The “Sell in May and Go Away” maxim originated in London under a slightly modified phrase: “Sell in May and go away, come back on St. Leger’s Day.” The St. Leger is a famous fall horse race in the U.K. that dates back to 1776. The premise behind the saying is that investors should sell their equity positions in May, enjoy the summer months and avoid seasonal market weakness, and then come back to the market when seasonality trends become more constructive in November. 

Why is the phrase so popular? Math and marketing may have something to do with it—areas Wall Street is pretty good at. Other than an easy adage to remember, the May through October time frame has been the worst six-month return window for the S&P 500 since 1950, as opposed to the best-performing six-month return window from November through April. This historical seasonal pattern has been consistent enough—and the phrase popular enough—that it may have become a self-fulfilling prophecy over many years. 

While the U.S. might not have the St. Leger race, we did celebrate the Kentucky Derby over the weekend, and the thought of “enjoying” some golf and beach time this summer sounds appealing, but we don’t wholly subscribe to going away from the market over the next six months.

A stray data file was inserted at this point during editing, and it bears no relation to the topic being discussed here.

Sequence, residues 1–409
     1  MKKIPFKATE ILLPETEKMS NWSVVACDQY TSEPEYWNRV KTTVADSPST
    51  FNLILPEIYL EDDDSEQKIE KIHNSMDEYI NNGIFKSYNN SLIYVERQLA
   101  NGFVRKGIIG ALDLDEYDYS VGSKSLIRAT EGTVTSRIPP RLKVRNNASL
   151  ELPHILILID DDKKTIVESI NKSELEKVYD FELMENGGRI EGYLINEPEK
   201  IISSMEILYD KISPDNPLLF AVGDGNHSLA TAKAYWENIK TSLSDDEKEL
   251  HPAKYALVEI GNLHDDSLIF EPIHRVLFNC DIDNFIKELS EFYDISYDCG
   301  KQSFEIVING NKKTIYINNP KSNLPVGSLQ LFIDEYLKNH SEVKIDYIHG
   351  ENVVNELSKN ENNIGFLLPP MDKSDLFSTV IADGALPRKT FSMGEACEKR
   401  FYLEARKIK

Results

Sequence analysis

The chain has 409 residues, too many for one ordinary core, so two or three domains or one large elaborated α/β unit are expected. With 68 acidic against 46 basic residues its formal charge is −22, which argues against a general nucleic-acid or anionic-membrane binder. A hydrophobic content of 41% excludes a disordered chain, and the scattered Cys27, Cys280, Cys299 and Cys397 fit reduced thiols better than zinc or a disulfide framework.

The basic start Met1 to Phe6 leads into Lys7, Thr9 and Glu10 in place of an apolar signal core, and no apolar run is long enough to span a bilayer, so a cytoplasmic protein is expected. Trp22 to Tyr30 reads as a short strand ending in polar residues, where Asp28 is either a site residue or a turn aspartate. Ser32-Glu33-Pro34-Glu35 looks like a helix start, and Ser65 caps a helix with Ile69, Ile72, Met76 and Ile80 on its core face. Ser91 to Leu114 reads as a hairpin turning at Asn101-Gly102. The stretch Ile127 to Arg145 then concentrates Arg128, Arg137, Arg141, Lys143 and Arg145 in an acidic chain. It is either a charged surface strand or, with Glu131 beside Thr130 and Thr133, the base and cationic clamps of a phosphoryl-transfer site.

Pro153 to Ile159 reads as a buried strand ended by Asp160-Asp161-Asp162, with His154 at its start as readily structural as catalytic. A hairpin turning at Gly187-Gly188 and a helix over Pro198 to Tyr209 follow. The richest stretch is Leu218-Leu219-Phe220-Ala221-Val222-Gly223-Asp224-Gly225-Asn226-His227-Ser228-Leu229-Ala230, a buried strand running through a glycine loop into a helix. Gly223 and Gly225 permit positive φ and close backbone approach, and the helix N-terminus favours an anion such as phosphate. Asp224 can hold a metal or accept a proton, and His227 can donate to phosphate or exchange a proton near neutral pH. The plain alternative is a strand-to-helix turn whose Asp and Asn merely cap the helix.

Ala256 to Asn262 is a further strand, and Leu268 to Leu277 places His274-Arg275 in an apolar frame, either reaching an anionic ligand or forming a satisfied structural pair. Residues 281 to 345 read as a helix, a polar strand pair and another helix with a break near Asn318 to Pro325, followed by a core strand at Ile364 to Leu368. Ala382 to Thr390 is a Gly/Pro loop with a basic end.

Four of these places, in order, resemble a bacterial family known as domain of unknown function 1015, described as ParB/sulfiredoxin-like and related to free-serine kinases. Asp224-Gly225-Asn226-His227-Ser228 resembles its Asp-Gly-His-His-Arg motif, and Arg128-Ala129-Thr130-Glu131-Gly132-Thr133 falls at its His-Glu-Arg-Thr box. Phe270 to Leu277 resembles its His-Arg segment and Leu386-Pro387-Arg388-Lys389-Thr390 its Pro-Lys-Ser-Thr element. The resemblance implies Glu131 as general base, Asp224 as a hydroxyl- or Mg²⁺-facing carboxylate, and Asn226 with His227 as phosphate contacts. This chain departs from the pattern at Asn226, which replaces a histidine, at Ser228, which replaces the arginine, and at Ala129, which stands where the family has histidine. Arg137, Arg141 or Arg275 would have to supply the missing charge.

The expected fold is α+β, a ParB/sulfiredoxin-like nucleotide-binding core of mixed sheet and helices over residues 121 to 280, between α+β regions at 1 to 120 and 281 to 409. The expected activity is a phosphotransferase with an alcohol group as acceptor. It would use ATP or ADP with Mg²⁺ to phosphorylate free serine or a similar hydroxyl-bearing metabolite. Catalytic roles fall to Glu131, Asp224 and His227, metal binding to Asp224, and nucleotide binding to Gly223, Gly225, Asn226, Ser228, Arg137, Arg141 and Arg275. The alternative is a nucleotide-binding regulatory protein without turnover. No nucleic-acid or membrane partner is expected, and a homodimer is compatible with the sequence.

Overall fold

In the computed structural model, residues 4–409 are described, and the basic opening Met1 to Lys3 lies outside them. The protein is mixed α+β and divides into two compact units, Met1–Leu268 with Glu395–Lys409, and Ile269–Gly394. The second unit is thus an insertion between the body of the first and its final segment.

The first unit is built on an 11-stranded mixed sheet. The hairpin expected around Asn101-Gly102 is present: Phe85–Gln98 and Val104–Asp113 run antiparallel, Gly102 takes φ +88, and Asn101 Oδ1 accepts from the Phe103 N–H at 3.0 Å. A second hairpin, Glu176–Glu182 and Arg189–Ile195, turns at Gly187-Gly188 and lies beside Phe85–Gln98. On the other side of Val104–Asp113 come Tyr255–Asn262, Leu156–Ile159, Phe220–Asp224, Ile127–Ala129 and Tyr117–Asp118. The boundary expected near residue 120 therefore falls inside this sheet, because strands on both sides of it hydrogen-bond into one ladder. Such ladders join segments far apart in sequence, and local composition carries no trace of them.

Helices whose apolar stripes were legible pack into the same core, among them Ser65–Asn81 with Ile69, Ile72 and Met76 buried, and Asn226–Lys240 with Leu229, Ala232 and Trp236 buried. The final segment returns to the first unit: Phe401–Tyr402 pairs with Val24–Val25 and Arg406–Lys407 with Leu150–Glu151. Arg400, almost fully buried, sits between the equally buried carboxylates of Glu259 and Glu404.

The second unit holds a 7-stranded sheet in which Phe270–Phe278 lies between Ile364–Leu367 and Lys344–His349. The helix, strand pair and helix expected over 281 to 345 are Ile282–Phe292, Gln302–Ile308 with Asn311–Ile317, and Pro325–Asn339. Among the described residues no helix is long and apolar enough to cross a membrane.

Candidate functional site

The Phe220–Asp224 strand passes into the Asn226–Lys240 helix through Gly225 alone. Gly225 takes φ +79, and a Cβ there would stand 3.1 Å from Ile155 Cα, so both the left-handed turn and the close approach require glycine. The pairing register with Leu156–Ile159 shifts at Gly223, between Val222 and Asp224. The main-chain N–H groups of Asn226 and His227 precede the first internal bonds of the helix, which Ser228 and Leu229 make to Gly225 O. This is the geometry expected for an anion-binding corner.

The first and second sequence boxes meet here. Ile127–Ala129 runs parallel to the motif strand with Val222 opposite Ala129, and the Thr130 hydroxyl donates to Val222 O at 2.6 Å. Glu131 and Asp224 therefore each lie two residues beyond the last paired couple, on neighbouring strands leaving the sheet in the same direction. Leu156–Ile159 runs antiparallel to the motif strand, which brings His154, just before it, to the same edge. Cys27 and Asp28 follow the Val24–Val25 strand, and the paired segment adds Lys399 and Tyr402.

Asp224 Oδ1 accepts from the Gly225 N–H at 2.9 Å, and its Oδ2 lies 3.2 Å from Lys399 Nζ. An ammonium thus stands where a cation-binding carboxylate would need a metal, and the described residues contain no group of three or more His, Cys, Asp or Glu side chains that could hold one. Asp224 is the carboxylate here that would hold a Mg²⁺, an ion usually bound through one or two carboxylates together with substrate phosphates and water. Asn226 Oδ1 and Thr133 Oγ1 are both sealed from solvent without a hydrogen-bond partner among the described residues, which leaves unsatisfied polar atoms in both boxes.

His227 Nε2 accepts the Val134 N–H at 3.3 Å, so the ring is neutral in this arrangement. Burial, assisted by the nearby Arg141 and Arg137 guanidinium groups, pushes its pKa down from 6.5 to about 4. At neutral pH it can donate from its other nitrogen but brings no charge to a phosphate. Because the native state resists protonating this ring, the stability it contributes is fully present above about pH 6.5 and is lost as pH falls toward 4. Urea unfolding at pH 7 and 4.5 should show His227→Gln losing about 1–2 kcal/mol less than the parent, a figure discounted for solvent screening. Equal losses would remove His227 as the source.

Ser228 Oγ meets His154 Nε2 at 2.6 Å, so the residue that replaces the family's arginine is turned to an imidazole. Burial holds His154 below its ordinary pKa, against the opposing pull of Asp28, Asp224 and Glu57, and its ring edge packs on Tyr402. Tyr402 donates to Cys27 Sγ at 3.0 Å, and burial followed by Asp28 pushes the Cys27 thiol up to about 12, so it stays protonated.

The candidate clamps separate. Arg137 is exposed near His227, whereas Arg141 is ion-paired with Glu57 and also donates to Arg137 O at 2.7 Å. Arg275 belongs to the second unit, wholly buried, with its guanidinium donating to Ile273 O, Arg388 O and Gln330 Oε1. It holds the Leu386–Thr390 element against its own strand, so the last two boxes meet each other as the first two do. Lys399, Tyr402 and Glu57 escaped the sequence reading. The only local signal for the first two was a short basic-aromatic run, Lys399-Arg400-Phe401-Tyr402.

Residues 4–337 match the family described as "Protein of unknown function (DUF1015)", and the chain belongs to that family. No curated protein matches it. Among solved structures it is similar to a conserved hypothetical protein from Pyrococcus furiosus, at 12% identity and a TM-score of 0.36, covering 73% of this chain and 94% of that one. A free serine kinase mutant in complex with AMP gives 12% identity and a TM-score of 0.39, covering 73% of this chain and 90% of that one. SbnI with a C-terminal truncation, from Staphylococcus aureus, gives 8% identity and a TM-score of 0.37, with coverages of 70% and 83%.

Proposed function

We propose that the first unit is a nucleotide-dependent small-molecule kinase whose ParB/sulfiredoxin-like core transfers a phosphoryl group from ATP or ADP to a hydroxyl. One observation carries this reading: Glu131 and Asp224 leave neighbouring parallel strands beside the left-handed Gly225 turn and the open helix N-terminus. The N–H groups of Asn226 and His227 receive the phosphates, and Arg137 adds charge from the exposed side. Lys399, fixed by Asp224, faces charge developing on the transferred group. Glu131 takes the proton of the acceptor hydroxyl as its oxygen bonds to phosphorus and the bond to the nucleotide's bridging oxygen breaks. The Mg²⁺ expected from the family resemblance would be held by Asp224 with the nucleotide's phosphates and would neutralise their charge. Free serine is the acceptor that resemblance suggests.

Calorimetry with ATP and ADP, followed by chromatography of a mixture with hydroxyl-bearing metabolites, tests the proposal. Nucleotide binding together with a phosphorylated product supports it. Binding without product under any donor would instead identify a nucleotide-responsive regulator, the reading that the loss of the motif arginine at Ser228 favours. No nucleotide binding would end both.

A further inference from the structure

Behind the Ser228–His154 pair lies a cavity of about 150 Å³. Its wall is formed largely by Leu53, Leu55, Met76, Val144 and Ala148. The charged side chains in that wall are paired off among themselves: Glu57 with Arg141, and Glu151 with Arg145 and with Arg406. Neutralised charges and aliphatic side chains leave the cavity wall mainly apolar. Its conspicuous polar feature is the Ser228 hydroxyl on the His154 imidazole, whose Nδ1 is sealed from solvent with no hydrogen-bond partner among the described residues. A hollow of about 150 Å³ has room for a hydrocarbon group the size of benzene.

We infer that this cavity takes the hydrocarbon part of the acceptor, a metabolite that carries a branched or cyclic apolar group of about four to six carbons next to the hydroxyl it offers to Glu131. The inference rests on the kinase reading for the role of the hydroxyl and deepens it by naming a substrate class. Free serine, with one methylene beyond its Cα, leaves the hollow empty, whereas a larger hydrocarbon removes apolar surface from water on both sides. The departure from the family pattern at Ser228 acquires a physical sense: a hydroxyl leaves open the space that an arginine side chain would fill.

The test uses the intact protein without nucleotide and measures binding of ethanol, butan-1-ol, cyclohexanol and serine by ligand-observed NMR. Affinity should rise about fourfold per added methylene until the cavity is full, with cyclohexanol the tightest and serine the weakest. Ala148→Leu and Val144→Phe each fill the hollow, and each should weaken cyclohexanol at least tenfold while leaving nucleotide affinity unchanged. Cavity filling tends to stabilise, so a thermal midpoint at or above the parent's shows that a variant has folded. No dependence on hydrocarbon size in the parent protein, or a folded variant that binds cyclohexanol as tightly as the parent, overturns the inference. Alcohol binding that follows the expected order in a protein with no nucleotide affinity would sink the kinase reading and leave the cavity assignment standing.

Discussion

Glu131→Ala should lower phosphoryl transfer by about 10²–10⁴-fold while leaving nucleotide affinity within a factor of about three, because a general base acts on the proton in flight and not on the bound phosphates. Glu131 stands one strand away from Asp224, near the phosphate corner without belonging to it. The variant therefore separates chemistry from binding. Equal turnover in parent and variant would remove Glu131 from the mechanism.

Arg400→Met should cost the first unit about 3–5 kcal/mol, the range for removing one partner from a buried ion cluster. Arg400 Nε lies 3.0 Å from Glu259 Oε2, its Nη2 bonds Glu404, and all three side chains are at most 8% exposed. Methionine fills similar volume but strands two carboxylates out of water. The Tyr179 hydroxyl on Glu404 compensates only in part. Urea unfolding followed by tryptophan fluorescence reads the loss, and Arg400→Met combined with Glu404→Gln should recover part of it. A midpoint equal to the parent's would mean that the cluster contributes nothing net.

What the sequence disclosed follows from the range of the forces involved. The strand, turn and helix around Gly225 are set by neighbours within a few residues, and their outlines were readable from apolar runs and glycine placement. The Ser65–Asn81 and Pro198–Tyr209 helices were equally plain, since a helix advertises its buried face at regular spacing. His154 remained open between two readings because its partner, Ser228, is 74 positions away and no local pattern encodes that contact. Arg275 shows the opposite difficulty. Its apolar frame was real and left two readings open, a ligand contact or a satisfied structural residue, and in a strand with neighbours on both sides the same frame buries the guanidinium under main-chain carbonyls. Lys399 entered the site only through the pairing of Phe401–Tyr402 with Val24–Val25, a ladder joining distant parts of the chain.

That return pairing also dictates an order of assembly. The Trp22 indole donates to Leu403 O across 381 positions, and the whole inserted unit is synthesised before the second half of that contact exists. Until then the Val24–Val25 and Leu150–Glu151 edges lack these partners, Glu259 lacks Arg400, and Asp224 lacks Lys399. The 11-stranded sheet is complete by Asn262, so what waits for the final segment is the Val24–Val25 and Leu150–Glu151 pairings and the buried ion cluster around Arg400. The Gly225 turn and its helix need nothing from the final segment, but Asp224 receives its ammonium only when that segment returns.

The table below highlights rolling six-month price returns for the S&P 500 across all 12-month periods since 1950. And while the May through October time frame has historically underwhelmed with an average gain of only 1.7%, returns importantly have been positive 65% of the time. Of course, that doesn’t stack up very well compared to the 7.2% average gain between November and April, but other technical and fundamental factors point to upside potential beyond the average 1.7% gain during this year’s “Sell in May” period. Longer-term momentum indicators point to more potential upside for stocks before year-end, earnings continue to surprise to the upside with estimates holding steady (estimates typically fall 2–3%), while economic activity is humming along at a solid pace. Furthermore, Friday’s goldilocks jobs report showed labor demand slowing but still growing and cooling wage growth, helping raise the probabilities for two rate cuts by year-end.

Recent Years Have Yielded Better Returns
More recently, the month of May and the “Sell in May” time frame have yielded better results. Over the last 10 years, monthly returns in May have averaged 0.7%, with nine of the last 10 years producing positive monthly returns. This compares to the longer-term average May return of only 0.2%. 

As highlighted below, May through November average returns have also been more constructive at 4.0%, with 80% of periods generating positive results.

Finally, with the election now only six months away, we analyzed “Sell in May” returns during election years since 1952. The S&P 500 generated an average gain of 2.3% during these periods and finished higher 78% of the time. 

What About Volatility?